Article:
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Economic managers developing closer ties with Congress to hasten Duterte’s legislative agenda


By Ben Rosario 

Economic managers of the Duterte administration are pursuing closer working relationship with Congress in a bid to speed up action on several legislative proposals that will help achieve President Duterte’s economic objectives to provide comfortable life for Filipinos.

Finance Secretary Carlos Dominguez III (Facebook / MANILA BULLETIN)

Finance Secretary Carlos Dominguez III

In a letter addressed to Senate President Vicente Sotto III and Speaker Alan Peter Cayetano, the economic team headed by Finance Secretary Carlos Dominguez III, proposed the conduct of more informal and technical-level meetings of the Legislative Executive Development Advisory Council (LEDAC) to smoothen and ensure better working relations with lawmakers.

The Department of Finance (DOF), Department of Budget and Management (DBM), and the National Economic and Development Authority (NEDA) will engage the leaders and committees of both the Senate and the House in providing them with vital and timely inputs on the various economic and fiscal bills pending in the 18th Congress.

The economic managers were in full attendance at Thursday’s initial hearing of the proposed 2020 national expenditure program (NEP) conducted by the House Committee on Appropriations.

In the letter, the group stressed that there is a “need for more clarity on the basis where the executive can support bills with fiscal or economic implications” to manage the expectations of lawmakers on such measures.

“The DOF, DBM, and NEDA look forward to working more closely with the 18th Congress, under your leadership, to better align the priorities of the legislature with the President’s development agenda,” the letter stated.

“This is to ensure that we can move our country forward and achieve our Ambisyon Natin 2040 objective of becoming a high-income country where poverty is eradicated,” the group said.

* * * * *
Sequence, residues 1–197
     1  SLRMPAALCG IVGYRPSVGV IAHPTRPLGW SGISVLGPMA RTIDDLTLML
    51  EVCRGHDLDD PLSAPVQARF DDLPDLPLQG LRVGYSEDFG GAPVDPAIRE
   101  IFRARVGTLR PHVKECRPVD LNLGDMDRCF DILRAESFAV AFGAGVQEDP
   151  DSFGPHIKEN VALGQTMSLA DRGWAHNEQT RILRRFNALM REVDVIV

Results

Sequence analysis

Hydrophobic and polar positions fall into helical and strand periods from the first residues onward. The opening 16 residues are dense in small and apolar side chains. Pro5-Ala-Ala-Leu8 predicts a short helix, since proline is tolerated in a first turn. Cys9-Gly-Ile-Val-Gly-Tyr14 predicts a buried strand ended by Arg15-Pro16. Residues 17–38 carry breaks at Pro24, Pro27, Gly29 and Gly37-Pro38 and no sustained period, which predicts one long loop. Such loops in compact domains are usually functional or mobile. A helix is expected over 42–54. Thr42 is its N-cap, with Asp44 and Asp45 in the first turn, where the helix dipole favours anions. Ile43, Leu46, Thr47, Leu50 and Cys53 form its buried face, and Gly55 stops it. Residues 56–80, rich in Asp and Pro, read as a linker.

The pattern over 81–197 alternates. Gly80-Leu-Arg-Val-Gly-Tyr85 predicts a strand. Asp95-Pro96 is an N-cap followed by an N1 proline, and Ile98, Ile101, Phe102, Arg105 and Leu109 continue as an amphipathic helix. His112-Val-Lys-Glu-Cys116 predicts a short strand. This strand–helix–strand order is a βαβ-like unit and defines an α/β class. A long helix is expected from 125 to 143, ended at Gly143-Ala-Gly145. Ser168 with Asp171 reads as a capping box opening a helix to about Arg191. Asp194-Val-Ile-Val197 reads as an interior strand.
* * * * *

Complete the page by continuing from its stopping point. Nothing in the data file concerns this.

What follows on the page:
They said the DOF, for one, has reorganized to assign more full-time directors and staff to engage with the Congress on a regular basis.

Aside from Dominguez, also signing the letter were Socio-economic Planning Secretary Ernesto Pernia and former DBM Officer-in-Charge (OIC) Secretary Janet Abuel.

The letter writers said that pursuing the fiscal reforms proposed by the Duterte administration can be a good start in setting in motion this close collaboration between the Executive and the Congress to ensure that the Philippines gets “a good chance” of reaching an “A” credit rating in two years’ time, they said.

“Securing an ‘A” investment-grade credit rating “means that the government, businesses, and ordinary Filipinos can borrow more cheaply to invest, create jobs, and improve their lives,” the economic team said.

The group stated: “Thus, pursuing these reforms is not just about getting a credit upgrade. It is about upgrading everyone’s life.”

Economic managers also pointed out that “effective collaboration between the executive and legislative branches” during the previous Congress was crucial in the passage of key economic and fiscal reforms in support of the President’s 10-point socioeconomic agenda.

These reforms include, they said, the Tax Reform for Acceleration and Inclusion (TRAIN) Law, Estate Tax Amnesty, Tobacco Tax Reform, Rice Liberalization, National ID System, Ease of Doing Business (EODB), and Universal Health Care (UHC).

They said Filipinos are already feeling the benefits of these reforms as shown by the decline in the inflation rate to 3.4 percent, which is now within the official target range of 2-4 percent; and the drop in the retail cost of rice, which now sells for up to P10 per-kilo cheaper compared to the peak market rates last year.

Also, more jobs were created and people now have more money to spend, as a result of tax savings equivalent to a 14th month pay because of TRAIN, the economic managers said.

“The total value we give back to the people reached P111 billion in 2018. Spending on infrastructure was 41.3 percent higher in 2018, thanks in part to TRAIN revenues, helping create employment of over 300,000 in the construction sector.

Likewise, larger Philippine Health Insurance Corp. (PhilHealth) premiums, free tertiary education, and rice subsidy to the 4Ps (Pantawid Pamilyang Pilipino Program) beneficiaries were made possible by higher revenue collections,” they said.

These positive developments have led to a high growth rate of 6.2 percent in 2018 and a lower poverty rate from 27.6 percent in the first of 2015 to 21 percent in the first half of 2018, thereby lifting six million Filipinos out of poverty, even as inflation was higher in 2018, they said.

“These game-changing reforms led to a credit rating upgrade from Standard and Poor’s. The upgrade, from ‘BBB’ to ‘BBB+’, is a strong vote of confidence in the Duterte administration’s reform agenda.

“This would not have been possible without the strong support of the Congress,” they said in their joint letter to Sotto and Cayetano.
Apart from ensuring that the Congress pass more game-changing reforms needed to secure an “A” rating for the Philippines, the economic team also underscored the need to guarantee fiscal discipline.

This means “taking a strong position on what is not in the best interest of the people as a whole.”

“While some bills seek to benefit some sectors, they take away money from millions of other poor and jobless people who also deserve our help,” they said.

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